The renewed rise in yields on the bond market put again pressure on share prices on Thursday. In the wake of the US Federal Reserve decision, the yields on ten-year US government bonds climbed yesterday to 1.75%. This was felt particularly by the technology sector. On the technology exchange Nasdaq losses of around -3% were quoted, while the Dow Jones Industrial and the market-wide S&P 500 could keep their daily losses within limits. The Dow closed -0.46% lower at 32'862.30 points after a new record attempt and the S&P 500 lost -1.48% to 3'915.46 points.
The Japanese central bank confirmed its previous monetary policy course and left the key interest rate unchanged at -0.1%, but the Bank of Japan will make its policy even more flexible in the future and for this purpose will expand the fluctuation margin for long-term government bonds to plus and minus 0.25%. Overall, the central bank will thus be able to tolerate a wider fluctuation margin for long-term interest rates and will give itself more leeway to lead the economy out of the corona crisis.
The Bank of England unanimously confirmed its monetary policy stance and left its key interest rate unchanged at the record low of +0.1%. The bond-buying program was also left at the previous level of GBP 895bn. This decision was expected on the capital market. As long as there are no clear indications that significant progress was being made toward achieving the inflation target of 2% on a sustainable basis, a tightening of monetary policy was not to be expected, commented the BoE. Analogous to his US counterpart Jerome Powell, UK central bank governor Andrew Bailey also did not specifically address the recent rise in capital market rates.
According to central bank President Christine Lagarde, the ECB will prevent a premature rise in government bond yields with increased bond purchases under the Pandemic Purchase Program (PEPP). Speaking at the regular hearing before the European Parliament's Economic and Monetary Affairs Committee, Lagarde stressed that the ECB considers a rise in yields in the second half of 2021 at the earliest. “A rise in yields before then would be undesirable,” she said.
Norway's central bank is leaving its key interest rate at zero percent for now but is considering raising rates later this year, despite ongoing uncertainties about how the corona pandemic will develop. An initial rate tightening is conceivable in the second half of 2021, Norges Bank commented. Previously, the central bank had assumed a first hike only in early 2022. The Norwegian krone reacted with significant price gains to the prospect of a tighter stance.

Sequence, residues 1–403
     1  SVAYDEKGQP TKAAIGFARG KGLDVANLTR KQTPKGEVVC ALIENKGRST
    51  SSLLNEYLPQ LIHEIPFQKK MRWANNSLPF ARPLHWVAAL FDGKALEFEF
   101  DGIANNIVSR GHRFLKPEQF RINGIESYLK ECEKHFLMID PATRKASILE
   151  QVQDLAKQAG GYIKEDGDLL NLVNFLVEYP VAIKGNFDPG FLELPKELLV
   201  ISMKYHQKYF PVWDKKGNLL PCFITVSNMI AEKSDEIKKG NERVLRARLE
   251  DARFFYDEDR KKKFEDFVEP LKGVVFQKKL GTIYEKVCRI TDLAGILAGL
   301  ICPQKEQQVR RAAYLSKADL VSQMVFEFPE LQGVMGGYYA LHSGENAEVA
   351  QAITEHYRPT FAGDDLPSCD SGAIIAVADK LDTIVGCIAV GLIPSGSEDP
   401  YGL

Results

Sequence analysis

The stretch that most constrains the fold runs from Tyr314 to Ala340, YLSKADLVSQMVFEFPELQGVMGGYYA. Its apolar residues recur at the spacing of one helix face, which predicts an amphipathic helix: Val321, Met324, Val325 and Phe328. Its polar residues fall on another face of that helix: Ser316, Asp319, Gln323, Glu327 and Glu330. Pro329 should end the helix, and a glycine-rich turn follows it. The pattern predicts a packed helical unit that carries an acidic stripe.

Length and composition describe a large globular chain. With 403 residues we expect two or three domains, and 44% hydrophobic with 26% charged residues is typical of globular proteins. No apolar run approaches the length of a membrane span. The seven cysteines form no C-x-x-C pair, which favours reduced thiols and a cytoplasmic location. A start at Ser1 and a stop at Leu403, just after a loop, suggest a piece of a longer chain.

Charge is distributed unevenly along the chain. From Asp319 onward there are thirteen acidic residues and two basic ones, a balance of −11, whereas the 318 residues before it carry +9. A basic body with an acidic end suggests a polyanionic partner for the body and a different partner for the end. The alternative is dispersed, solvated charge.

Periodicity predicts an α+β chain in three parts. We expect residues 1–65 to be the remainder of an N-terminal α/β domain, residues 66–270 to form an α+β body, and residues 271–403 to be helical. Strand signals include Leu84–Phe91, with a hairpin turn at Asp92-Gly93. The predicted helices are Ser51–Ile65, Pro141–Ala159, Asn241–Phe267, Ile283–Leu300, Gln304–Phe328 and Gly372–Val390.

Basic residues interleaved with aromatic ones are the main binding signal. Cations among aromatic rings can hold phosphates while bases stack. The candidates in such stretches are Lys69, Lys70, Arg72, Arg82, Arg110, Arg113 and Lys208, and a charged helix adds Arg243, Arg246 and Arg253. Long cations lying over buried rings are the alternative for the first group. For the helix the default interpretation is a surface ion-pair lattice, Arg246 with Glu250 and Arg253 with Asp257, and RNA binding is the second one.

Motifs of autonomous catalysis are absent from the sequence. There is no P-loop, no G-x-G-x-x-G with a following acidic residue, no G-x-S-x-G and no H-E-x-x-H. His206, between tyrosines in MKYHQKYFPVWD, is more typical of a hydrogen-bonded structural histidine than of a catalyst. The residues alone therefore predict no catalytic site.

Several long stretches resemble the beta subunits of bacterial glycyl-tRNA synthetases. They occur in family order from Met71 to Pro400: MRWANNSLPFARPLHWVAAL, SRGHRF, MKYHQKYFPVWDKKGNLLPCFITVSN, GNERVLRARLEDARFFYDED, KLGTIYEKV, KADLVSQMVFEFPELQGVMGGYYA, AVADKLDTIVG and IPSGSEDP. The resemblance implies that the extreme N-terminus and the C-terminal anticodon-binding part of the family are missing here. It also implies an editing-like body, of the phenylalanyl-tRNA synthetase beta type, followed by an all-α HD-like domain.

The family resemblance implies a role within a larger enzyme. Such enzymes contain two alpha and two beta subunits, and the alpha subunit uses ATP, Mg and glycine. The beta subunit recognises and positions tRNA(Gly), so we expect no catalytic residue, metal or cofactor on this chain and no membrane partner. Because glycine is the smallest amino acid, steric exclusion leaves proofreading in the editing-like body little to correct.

Turkey's central bank unexpectedly raised its key interest rate by two percentage points to +19%. Analysts had expected an increase of 100 basis points. The central bank pointed to upside risks to inflation. In February, the annual inflation rate in Turkey rose to over 15% and the Turkish lira had come under pressure.
The monthly leading indicator compiled by the New York-based economic research bureau The Conference Board disappointed with a lower-than-expected increase of +0.2% month-on-month (consensus +0.3%). In January, the “Leading Indicator” had still risen by +0.5%. The composite index, which is made up of ten indicators, gives an indication of the development of the US economy on a three- to six-month horizon. In contrast, the Philadelphia Fed's industrial barometer sent a strong signal. In March, the so-called Philly Fed Index showed the highest value in almost 50 years. The indicator rose much more strongly than expected from 23.1 points in the previous month to 51.8 points. On the other hand, the fact that the weekly reported initial claims for unemployment benefits increased by 45'000 to 770'000, contrary to expectations, is less good news. According to the US Department of Labor, 4.12 million Americans are currently claiming unemployment benefits.
|03:30||JP||Bank of Japan Press Conference|
|08:00||GE||Producer Prices (February, y/y)||+0.9%|
|11:30||RUS||Central Bank Monetary Policy Decision|
|GE||Deutsche Post Sustainability Plan|
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